Sea anemones are simple, and yet we see complex behavior with them. If you put them in a lab, sometimes they attack, sometimes they dont. Sometimes they attack and run away. Sometimes they do nothing but attack. Sometimes they get attacked and dont defend themselves. For something that you would think would be so simple, its much more complex. Behavior cant be predicted even in this one group, he said.
And thats why its attractive to apply this concept of incomplete division of labor to humans, Waite said. Humans are, after all, animals that might be driven mainly by biological urges. But the superimposed culture, rules, laws, race, class and gender make it hard to know for sure.
DOrazio and Waite use a small cookie business to illustrate their findings. If three individuals work in a group and all are specialists, two members make cookies and the other sells cookies. If the seller is out sick, the whole operation must shut down under previous assumptions about division of labor.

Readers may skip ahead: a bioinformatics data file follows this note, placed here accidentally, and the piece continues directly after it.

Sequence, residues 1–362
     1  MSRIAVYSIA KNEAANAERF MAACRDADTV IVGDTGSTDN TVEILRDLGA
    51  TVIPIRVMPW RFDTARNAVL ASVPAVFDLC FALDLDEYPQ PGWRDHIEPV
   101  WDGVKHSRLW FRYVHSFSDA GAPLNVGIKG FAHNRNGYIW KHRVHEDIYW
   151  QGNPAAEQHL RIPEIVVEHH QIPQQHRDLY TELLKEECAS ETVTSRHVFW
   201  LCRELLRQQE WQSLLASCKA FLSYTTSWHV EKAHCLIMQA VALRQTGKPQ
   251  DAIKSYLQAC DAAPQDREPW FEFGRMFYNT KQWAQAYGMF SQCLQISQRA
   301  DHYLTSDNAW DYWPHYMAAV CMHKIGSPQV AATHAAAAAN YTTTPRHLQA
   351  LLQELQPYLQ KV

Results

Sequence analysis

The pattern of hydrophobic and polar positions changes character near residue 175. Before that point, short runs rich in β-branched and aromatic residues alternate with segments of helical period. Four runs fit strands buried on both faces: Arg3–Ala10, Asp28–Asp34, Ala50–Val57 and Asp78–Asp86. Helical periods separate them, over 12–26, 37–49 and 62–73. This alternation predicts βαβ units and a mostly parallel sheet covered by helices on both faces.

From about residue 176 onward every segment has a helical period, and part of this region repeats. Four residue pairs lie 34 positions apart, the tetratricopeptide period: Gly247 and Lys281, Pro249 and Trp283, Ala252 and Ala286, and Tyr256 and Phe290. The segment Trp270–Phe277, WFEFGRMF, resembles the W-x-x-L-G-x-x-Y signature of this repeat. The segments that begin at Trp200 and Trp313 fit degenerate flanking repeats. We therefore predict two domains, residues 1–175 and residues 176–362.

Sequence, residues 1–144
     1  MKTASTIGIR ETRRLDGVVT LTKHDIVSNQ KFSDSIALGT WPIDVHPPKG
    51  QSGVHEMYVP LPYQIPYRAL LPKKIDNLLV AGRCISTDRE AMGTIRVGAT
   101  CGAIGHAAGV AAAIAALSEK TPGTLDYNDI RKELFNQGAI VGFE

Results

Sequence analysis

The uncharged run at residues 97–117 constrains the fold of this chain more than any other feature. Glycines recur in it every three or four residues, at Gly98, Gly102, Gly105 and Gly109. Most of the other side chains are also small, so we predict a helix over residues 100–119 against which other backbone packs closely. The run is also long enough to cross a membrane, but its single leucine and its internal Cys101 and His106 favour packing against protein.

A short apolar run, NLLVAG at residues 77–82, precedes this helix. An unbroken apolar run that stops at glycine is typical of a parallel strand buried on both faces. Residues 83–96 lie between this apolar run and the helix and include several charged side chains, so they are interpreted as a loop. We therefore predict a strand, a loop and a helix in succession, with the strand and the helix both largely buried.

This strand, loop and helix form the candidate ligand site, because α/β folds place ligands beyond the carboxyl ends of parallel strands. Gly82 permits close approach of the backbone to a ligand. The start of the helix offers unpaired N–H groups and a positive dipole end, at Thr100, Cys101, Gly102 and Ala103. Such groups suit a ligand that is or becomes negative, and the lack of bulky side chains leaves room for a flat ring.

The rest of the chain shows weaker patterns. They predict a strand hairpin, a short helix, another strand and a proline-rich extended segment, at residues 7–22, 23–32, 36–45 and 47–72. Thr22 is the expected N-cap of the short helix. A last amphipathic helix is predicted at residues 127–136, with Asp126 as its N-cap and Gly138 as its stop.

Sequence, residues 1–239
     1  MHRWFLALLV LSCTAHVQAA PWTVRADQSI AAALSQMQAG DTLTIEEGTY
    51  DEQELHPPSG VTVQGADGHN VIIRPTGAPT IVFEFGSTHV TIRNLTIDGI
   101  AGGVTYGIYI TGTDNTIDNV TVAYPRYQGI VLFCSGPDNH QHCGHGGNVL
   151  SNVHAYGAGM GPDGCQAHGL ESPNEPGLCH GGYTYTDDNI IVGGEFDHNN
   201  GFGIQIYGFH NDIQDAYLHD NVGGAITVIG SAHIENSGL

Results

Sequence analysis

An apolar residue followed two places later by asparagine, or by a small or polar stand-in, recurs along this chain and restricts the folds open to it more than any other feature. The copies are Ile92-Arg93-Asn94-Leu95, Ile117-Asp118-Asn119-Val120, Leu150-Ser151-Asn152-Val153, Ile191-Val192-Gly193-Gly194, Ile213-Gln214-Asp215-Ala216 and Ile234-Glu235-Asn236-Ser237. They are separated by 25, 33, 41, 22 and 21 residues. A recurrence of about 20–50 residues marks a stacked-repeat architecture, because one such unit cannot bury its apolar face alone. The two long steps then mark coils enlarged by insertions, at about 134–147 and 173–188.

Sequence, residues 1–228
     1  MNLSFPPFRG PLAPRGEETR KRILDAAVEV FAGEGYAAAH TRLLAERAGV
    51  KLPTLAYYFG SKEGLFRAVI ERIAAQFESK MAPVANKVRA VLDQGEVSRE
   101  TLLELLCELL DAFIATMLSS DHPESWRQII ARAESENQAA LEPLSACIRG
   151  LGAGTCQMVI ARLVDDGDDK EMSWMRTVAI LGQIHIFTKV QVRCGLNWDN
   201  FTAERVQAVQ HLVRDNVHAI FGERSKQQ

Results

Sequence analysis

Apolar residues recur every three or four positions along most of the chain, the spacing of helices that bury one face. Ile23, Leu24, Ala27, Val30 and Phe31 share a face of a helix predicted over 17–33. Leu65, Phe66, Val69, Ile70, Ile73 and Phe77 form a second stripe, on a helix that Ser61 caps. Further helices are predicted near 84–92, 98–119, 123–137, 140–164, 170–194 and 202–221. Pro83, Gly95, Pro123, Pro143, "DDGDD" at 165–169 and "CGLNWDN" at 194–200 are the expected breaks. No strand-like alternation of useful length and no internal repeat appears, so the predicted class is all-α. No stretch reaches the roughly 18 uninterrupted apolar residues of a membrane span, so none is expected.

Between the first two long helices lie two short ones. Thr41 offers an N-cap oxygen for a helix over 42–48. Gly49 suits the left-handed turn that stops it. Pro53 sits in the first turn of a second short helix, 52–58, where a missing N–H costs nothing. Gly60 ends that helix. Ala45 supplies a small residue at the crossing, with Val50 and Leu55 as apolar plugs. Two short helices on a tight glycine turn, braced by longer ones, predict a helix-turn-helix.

The business could hire a fourth person who can bake and sell, but thats an expensive option. Another possibility is sticking with three employees but training one of them to do two tasks.
So now you have a generalist, Waite said. Youve lost something in terms of time and profit initially because you have to invest in training this person. You might even train all three people. But if you have even just one generalist, then youre safeguarded against the possibility that the specialists dont complement each other.
For Waite, the findings reinforce his broader world view. We should value each other much more. We should value people who have a diversity of skills and interests. They might not have really recognizable specific skills but they might be good at doing lots of things, he said.
For biological purposes, the new model will set a standard for future work, DOrazio noted.
|Contact: Emily Caldwell|
Ohio State University